Suffrage movements

The suffrage movement was a very broad one which encompassed women and men with a very broad range of views. One major division, especially in Britain, was between suffragists, who sought to create change constitutionally, and suffragettes, who were more militant. There was also a diversity of views on a 'woman's place'. Some who campaigned for women's suffrage felt that women were naturally kinder, gentler, and more concerned about weaker members of society, especially children. It was often assumed that women voters would have a civilising effect on politics and would tend to support controls on alcohol, for example. They believed that although a woman's place was in the home, she should be able to influence laws which impacted upon that home. Other campaigners felt that men and women should be equal in every way and that there was no such thing as a woman's 'natural role'. There were also differences in opinion about other voters. Some campaigners felt that all adults were entitled to a vote, whether rich or poor, male or female, and regardless of race. Others saw women's suffrage as a way of canceling out the votes of lower class or non-white men.

United States

See also: History of women's suffrage in the United States

Lydia Chapin Taft was an early forerunner in Colonial America who was allowed to vote in 3 New England town meetings, beginning in 1756. American women were the first to fight for women’s suffrage. Events such as the Civil War and World War I influenced women like Elizabeth Cady Stanton and Susan B. Anthony to make the tough decision of starting fundraisers to support Union troops or to support women’s suffrage. It was during World War I when women finally started gaining momentum in their efforts. However, some early victories were won in the territories of Wyoming (1869) [12] and Utah (1870), although Utah women were disenfranchised by the U.S. Congress in 1887. The push to grant Utah women's suffrage was at least partially fueled by outsiders' belief that, given the right to vote, Utah women would dispose of polygamy. It was only after Utah women exercised their suffrage rights in favor of polygamy that the U.S. Congress disenfranchised Utah women.[13]

Other territories and states granted women the right to vote in the late 19th and early 20th century, but national women's suffrage did not come until the Nineteenth Amendment to the United States Constitution was ratified in 1920. In 1848, at the Seneca Falls Convention in New York, women activists began a seventy year struggle for what they felt was a natural right of all Americans (to be able to vote). Using tactics such as pointing out the similarities in slavery and the way women were being treated, women suffragists were really starting to get into the heads of American women nation-wide. However, the courts were another issue. Women were not included in the ratification of the Fourteenth and Fifteenth amendments (which gave people the right to vote regardless of their race). By the end of the nineteenth century, Idaho, Colorado, Utah, and Wyoming had enfranchised women after an extreme amount of effort by the suffrage associations at the state level.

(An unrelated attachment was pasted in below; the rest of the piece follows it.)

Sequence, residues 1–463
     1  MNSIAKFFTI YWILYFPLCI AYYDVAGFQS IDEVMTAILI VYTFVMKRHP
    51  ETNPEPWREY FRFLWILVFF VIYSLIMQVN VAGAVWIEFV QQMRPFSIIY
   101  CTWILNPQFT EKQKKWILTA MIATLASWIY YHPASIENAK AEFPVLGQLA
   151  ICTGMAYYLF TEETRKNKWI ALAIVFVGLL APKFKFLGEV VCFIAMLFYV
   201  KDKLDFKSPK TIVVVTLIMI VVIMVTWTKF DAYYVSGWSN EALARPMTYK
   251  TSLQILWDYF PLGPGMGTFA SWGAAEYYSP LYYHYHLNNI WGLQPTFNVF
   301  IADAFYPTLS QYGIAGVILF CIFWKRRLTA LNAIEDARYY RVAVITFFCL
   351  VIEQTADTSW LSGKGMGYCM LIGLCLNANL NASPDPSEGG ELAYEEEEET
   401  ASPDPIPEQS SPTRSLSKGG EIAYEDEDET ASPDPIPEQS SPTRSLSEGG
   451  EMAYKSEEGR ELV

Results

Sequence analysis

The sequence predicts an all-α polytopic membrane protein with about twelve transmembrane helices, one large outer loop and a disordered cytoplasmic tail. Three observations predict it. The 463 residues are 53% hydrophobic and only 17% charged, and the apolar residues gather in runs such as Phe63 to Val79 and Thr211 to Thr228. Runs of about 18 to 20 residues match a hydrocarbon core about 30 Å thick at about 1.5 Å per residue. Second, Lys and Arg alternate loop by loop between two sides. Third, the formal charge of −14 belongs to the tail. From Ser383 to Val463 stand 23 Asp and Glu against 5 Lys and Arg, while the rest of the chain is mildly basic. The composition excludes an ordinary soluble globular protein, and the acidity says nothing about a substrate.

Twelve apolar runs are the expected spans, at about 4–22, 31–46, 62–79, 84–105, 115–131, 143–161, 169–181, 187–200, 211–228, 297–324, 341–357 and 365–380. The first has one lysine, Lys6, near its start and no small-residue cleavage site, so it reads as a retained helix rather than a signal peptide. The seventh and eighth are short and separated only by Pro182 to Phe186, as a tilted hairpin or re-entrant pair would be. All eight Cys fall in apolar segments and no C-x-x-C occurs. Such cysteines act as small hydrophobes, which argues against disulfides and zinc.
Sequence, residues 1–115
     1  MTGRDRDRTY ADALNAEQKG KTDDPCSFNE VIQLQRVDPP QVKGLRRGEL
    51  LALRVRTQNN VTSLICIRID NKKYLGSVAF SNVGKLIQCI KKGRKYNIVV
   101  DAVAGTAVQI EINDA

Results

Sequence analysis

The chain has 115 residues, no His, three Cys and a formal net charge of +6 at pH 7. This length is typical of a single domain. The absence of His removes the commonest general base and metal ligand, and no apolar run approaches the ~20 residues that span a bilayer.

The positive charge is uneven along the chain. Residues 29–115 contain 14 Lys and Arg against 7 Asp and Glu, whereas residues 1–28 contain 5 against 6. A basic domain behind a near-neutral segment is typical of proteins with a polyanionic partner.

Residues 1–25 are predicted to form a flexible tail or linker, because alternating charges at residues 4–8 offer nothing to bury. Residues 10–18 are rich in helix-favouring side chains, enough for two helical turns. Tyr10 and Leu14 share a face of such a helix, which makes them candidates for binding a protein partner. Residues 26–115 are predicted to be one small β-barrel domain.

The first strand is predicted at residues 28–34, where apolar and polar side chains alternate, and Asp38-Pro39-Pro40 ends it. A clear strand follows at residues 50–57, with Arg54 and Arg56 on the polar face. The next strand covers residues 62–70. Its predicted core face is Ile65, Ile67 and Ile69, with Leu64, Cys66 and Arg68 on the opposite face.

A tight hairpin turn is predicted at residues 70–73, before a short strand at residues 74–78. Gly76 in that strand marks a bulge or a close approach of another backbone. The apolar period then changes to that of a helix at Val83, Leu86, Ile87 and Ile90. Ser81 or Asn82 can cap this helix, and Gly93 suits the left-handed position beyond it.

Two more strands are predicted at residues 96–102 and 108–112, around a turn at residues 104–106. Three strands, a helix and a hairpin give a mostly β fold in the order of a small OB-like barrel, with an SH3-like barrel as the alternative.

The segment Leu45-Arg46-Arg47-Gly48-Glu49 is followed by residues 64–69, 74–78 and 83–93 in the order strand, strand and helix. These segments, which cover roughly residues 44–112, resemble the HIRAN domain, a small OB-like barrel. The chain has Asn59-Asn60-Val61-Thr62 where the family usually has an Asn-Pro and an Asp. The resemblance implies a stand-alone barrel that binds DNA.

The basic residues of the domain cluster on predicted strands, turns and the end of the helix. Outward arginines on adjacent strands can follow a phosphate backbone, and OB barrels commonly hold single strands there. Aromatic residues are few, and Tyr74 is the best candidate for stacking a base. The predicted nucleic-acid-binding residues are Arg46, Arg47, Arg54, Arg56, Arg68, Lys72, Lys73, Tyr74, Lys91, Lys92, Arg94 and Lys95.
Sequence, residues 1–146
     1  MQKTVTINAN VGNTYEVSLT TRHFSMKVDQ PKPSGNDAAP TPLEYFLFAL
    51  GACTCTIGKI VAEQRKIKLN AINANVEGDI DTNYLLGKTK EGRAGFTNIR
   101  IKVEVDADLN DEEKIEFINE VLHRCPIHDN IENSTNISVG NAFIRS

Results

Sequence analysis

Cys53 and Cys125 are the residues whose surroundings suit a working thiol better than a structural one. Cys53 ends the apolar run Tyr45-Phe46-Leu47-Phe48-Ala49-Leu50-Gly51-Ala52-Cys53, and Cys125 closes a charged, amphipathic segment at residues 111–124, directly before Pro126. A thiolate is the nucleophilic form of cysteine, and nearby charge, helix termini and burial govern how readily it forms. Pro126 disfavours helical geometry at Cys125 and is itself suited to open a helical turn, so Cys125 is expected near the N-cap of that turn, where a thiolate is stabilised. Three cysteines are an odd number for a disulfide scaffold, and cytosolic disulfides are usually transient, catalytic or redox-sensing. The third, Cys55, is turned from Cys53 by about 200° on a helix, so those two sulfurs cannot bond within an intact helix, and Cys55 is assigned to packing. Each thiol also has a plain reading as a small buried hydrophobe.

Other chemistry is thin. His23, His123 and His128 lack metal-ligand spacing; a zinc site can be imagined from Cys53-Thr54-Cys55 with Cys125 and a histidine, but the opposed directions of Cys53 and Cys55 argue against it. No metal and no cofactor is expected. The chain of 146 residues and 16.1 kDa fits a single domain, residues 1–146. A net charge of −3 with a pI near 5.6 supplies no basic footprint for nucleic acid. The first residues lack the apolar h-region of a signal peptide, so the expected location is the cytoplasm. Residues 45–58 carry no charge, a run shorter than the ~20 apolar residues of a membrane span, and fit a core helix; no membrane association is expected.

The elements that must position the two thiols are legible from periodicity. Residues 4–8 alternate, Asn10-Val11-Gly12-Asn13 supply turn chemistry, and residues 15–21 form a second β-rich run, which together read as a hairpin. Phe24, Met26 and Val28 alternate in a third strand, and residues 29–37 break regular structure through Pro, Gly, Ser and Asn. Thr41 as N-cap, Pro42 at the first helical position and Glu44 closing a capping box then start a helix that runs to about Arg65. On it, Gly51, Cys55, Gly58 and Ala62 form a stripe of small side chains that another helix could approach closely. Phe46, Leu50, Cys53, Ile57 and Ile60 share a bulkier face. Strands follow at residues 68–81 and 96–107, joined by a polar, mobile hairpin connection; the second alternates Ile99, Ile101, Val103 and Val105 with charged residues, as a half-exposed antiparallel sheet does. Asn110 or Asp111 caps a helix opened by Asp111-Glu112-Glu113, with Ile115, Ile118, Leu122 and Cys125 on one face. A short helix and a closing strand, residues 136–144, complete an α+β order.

National women’s suffrage, however, did not exist until the twentieth century. When women became more and more aggressive with their beliefs, officials became embarressed and started arresting the suffragists and even in jail women were deprived of rights such as wearing uniforms and writing letters. Finally, under the pressure of all of the suffrage groups, President Woodrow Wilson urged a compliant Congress to pass what became, when it was ratified in 1920, the Nineteenth Amendment. Today the Center for American Women and Politics keeps alive the push for more women to continue to participate in the government.

See also

References

  • Baker, Jean H. Sisters: The Lives of America's Suffragists. Hill and Wang, New York, 2005. ISBN 0-8090-9528-9.
  • "Woman suffrage" in Collier's New Encyclopedia, X (New York: P.F. Collier & Son Company, 1921), pp. 403-405.
  • Webster's Ninth New Collegiate Dictionary (New York: Merriam Webster, 1983) ISBN 0-87779-511-8

Further reading

  • Ellen Carol DuBois, Harriot Stanton Blatch and the Winning of Woman Suffrage (New Haven and London: Yale University Press, 1997) ISBN 0-300-06562-0
  • Eleanor Flexner, Century of Struggle: The Woman's Rights Movement in the United States, enlarged edition with Foreword by Ellen Fitzpatrick (1959, 1975; Cambridge and London: The Belknap Press of the Harvard University Press, 1996) ISBN 0-674-10653-9
  • Marjorie Spruill Wheeler, editor, One Woman, One Vote: Rediscovering the Woman Suffrage Movement (Troutdale, OR: NewSage Press, 1995) ISBN 0-939165-26-0
  • Doris Stevens, edited by Carol O'Hare, Jailed for Freedom: American Women Win the Vote (1920; Troutdale, OR: NewSage Press, 1995). ISBN 0-939165-25-2
  • Midge Mackenzie, Shoulder to Shoulder: A Documentary (New York: Alfred A. Knopf, 1975). ISBN 0-394-73070-4
  • Trevor Lloyd, Suffragettes International: The World-wide Campaign for Women's Rights (New York: American Heritage Press, 1971).
  • Annie Kenney, Memories of a Militant' (London: Edwin Arnold, 1924)
  • Antonia Raeburn, Militant Suffragettes (London: New English Library, 1973)

External links